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Helping Dave Howard Hear the Outrage

Today the New York Post has a brief item about Mets fans who were expecting a 10% cut in ticket prices, but are seeing reductions that are basically a rounding error. Bart Hubbach and Jeremy Olshan quote the ever-reliable Dave Howard, who defends the apparent discrepancy as follows [1]: “It’s very consistent with what we said in the beginning. Obviously, the ‘average’ means there is some higher and some lower, but the average is 10 percent. We haven’t heard outrage about this.”

To help Dave Howard out, I thought I’d share an email that came to us two days ago from a reader named Av. It’s worth quoting at length:

“I am fuming right now and needed to get this off my chest. As we are all aware, last month, Jeff Wilpon held a press conference to discuss the state of the Mets in which he vowed that ticket prices would be cut across the board by an average of 10%. Last year, I shared Mets’ season tickets with a friend for the second straight year. For a pair of seats in Promenade Infield Reserve (what we used to call Upper Deck, behind the plate), we paid $2,025 each. After the disappointing season, we were not sure what we were going to do about renewing for next year, but were comforted to hear that ticket prices would at least be lowered, making it slightly more likely that we would be interested.

“You can imagine my surprise when I opened the ticket invoice and saw that the price of our tickets had been lowered to $1,965 each, a whopping 3% decrease of $60 each for the year. Over the course of the season, that comes out to 75 cents per game! I understand that when they said prices would be lowered by 10% “on average” that it didn’t necessarily mean that every single ticket would go down by exactly 10%. I’m not dumb. But that’s how the Mets are treating me. They tell us that they’re gonna lower tickets by 10% and they lower mine by 3%. I’m sure that they will point to incredibly expensive seats, which they are lowering from something like $500 a ticket to $400 a ticket (so that no normal person can afford them either before or after the price cut, making no difference in the lives of anyone other than corporations) and say that their 20% decrease and my 3% decrease somehow evens out to 10% on average. But trying to convince me with that argument presumes that I’m dumb. And I’m not.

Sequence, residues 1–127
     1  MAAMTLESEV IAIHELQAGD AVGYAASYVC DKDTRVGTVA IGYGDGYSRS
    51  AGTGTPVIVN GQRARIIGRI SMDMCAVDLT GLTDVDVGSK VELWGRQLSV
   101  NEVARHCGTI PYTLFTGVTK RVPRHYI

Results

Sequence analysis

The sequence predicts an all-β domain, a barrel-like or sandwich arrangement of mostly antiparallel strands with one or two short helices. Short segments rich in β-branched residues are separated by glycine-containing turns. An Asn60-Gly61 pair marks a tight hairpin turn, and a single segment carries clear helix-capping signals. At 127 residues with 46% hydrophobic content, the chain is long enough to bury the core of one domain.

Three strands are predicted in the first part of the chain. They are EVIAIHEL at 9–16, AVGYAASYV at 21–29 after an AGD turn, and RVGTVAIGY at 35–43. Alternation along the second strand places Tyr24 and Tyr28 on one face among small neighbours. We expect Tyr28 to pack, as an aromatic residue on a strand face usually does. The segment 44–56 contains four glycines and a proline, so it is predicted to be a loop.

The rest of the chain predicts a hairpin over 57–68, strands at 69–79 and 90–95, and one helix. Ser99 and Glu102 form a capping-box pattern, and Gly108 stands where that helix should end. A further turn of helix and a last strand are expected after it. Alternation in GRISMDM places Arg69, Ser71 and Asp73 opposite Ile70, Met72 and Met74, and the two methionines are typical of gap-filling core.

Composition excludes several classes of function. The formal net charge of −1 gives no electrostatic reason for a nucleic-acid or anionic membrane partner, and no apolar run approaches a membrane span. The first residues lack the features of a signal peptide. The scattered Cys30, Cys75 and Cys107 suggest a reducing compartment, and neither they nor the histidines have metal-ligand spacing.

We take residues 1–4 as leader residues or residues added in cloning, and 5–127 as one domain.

“I am so sick and tired of the Wilpons and the way they run this organization. Every single thing they do — whether it’s the way they pursue free agents, the way they cut prices, the way they build a new ballpark, or the way they more generally do right by their fans — they do halfway. They act in a way that gives the appearance that they’re actually going to do something, yet rarely do anything of real substance. This “price cut” is only the latest in an endless series of symbolic gestures by Mets ownership to the Mets fanbase. They talk like they’re big market but act small.

“I am a truly good, devoted Mets fan. I own season tickets, usually make it to about 20-30 games a year, and watch the rest on TV. I own jerseys, hats, posters, and t-shirts. I can stay up all night talking about the ’99 Mets or what Darryl Strawberry meant to me as a 9 year old child. I am the fan they want. I am the fan they need to keep. But with every little blip like this, they are coming closer and closer to losing that fan. I’m not brazen enough to claim that I’m gonna jump ship and root for some other team or abandon baseball altogether. I know that’s an empty threat. But they’re making me care less about this team. They’re withering away the fan who has spent the last 26 years of his life allowing a baseball team to define his existence and happiness on a day to day basis. They are coming closer and closer to losing that fan and they don’t seem to care. If this trend continues, that fan will be gone and I am 100% certain that this makes me a lot sadder than it does them.”

Hey Dave, did you hear that?

On second thought, Dave, you’re right. Av doesn’t sound outraged. He sounds resigned, and like a fan who’s been conditioned to expect platitudes and empty gestures from the organization behind the team he loves. And really, that’s so much worse than outraged.

In other words, Dave Howard, he sounds a lot like all the rest of us.